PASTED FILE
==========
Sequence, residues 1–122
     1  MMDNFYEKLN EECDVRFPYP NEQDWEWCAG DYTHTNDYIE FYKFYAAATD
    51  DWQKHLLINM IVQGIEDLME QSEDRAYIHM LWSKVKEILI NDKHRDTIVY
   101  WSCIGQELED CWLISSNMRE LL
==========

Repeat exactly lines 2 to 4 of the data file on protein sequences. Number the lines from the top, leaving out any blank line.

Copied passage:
     1  MMDNFYEKLN EECDVRFPYP NEQDWEWCAG DYTHTNDYIE FYKFYAAATD
    51  DWQKHLLINM IVQGIEDLME QSEDRAYIHM LWSKVKEILI NDKHRDTIVY
   101  WSCIGQELED CWLISSNMRE LL